From the moment he was dragged into a car in broad daylight on the streets of Phnom Penh on June 4 last year, nothing has been seen or heard of Thai activist Wanchalearm Satsaksit.
Thai and Cambodian police insist they are investigating, but with the probe into his apparent abduction going nowhere, his sister Sitanun has vowed to pursue the truth “to the last”.
Rights campaigners say the case sends a chilling signal of Thailand’s willingness to pursue political dissidents beyond its borders.
Wanchalearm, aged 37 at the time of his disappearance, was wanted by Thai police for running an acerbic anti-government Facebook page and for posting satirical videos criticising Prime Minister Prayut Chan-O-Cha.
Sitanun’s frustration at the lack of help she has had from the Thai authorities has not dimmed her determination to find out what happened to her brother.
“If Wanchalearm’s case was like other cases, where relatives of the victims did not come out to demand (justice) or pursue the case, I think nothing would materialise,” she said.
“But in my case, I will not let this go.”
In December she travelled to Cambodia to present evidence to a Phnom Penh court and press for a serious investigation.
Wanchalearm was living in self-imposed exile in Phnom Penh, having fled Thailand in the wake of the 2014 coup led by Prayut, the army chief at the time and now prime minister.
He was wanted for sedition and for breaching Thailand’s Computer Crimes Act, broad legislation which rights groups say is abused to silence critics.
Cambodian police say they have made no progress in the case and — having refused initially to even launch an investigation — still cast doubt on the idea Wanchalearm was abducted.
“We don’t have any new information so far. We are trying our best to collect any clues to confirm whether or not such a case happened in Cambodia,” Chhay Kim Khoeun, Cambodian National Police spokesman, told AFP.
And he refused to set a timeframe for the investigation to be completed.
Korrawat Panprapakorn, director-general of Thailand’s Department of Special Investigation, which handles complex and sensitive cases, told local media his team was investigating.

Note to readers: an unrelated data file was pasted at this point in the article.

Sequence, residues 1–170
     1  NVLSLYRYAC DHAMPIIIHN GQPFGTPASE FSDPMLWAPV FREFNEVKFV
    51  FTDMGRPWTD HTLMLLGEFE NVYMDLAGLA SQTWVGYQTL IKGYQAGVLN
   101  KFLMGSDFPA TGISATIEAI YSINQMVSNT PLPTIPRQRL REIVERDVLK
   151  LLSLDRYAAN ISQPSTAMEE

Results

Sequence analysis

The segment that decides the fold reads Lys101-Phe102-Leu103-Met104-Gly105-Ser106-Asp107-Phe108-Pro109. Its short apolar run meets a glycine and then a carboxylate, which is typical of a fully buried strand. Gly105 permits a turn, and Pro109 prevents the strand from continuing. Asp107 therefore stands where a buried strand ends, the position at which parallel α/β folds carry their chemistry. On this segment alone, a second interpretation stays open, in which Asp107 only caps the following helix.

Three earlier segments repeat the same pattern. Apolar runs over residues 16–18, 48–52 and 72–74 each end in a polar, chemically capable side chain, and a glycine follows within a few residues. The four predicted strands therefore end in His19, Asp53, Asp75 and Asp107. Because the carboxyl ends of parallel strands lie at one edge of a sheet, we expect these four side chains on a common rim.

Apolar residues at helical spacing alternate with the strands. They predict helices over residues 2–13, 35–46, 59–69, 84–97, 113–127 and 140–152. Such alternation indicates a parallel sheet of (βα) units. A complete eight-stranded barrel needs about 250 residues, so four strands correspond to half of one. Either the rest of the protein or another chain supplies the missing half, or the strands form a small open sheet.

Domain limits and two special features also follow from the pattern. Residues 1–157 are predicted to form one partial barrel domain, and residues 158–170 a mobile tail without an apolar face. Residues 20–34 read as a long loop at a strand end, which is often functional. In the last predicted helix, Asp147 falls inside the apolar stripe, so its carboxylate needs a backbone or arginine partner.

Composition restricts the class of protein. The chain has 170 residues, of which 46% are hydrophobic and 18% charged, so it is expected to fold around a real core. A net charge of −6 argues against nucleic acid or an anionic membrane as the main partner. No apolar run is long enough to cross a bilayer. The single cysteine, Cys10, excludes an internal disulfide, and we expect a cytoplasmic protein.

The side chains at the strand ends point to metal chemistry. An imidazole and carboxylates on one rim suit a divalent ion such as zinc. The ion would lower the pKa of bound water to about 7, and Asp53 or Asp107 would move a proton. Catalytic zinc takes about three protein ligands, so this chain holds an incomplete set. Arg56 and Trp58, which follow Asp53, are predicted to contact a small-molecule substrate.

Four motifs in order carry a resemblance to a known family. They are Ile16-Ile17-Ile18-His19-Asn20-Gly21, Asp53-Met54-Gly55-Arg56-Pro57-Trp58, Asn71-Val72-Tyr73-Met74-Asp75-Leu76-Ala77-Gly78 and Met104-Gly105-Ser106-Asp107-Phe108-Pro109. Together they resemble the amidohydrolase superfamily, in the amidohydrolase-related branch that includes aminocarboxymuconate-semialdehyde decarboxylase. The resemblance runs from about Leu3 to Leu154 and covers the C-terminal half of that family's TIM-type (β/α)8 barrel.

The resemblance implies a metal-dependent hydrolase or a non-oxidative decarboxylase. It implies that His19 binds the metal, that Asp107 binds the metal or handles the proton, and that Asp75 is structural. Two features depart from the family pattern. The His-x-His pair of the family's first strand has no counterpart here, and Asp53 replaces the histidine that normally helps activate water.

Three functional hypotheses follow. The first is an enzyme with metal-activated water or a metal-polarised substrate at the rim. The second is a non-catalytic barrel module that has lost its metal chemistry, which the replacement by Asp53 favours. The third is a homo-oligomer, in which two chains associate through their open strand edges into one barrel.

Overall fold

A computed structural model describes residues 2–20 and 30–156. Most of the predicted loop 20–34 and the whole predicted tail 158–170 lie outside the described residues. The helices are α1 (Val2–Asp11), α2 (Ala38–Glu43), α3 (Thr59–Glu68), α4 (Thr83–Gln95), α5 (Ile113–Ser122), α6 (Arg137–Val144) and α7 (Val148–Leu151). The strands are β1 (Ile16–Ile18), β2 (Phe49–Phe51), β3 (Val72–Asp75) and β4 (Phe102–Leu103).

But he said that the onus was on the Cambodian authorities to lead the probe, as the incident took place on their territory.
‘I can’t breathe’
Sitanun was speaking to Wanchalearm on the phone as he was bundled into a black SUV by armed assailants on June 4 last year.
She heard him shouting “I can’t breathe” and muffled noises before the line was cut off 30 agonising minutes later.
His disappearance became a rallying point for a youth-led pro-democracy movement in Thailand, which at its peak drew tens of thousands to the streets last year.
The movement demanded Prayut’s resignation and changes to the kingdom’s military-drafted constitution.
Human Rights Watch says the Thai and Cambodian authorities have been reluctant to investigate a “hideous crime that happened in broad daylight”.
“The absence of justice for exiled Thai dissidents sends a spine-chilling message that no one is safe and they can end up like Wanchalearm,” senior researcher Sunai Phasuk told AFP.
Two bodies with concrete blocks stuffed in their stomachs were found on the Thai side of the Mekong River in late December 2018.
The pair were identified after DNA tests as Kraidej Luelert and Chatchan Buphawan, Thai political dissidents living in Laos.
At least nine pro-democracy activists living in exile have disappeared in recent years, according to Human Rights Watch.
Watched and followed
Even before he disappeared, Wanchalearm’s girlfriend Prakaidao Pruksakasemsuk recalled, the couple felt they were being watched when she visited him in Cambodia.
It started when he picked her up at the airport and she said they were frequently trailed including at their favourite night haunt.
“They asked bar staff where we lived. The staff took photos of them and showed them to us,” Prakaidao told AFP, adding that the watchers all had the crewcut hairstyle favoured by Thai police and military personnel.
Prakaido, still deeply traumatised by Wanchalearm’s disappearance, says she is “disappointed in every way” with efforts to find out what happened to him.
“This is not far-fetched. It could happen to you, your children who attend pro-democracy rallies or friends and relatives,” she said.
On Wednesday, ahead of the anniversary of the disappearance, Sitanun and a legal team submitted a formal complaint to the Thai authorities.
“I still have a duty to continue searching and pressing this matter to the last,” she said.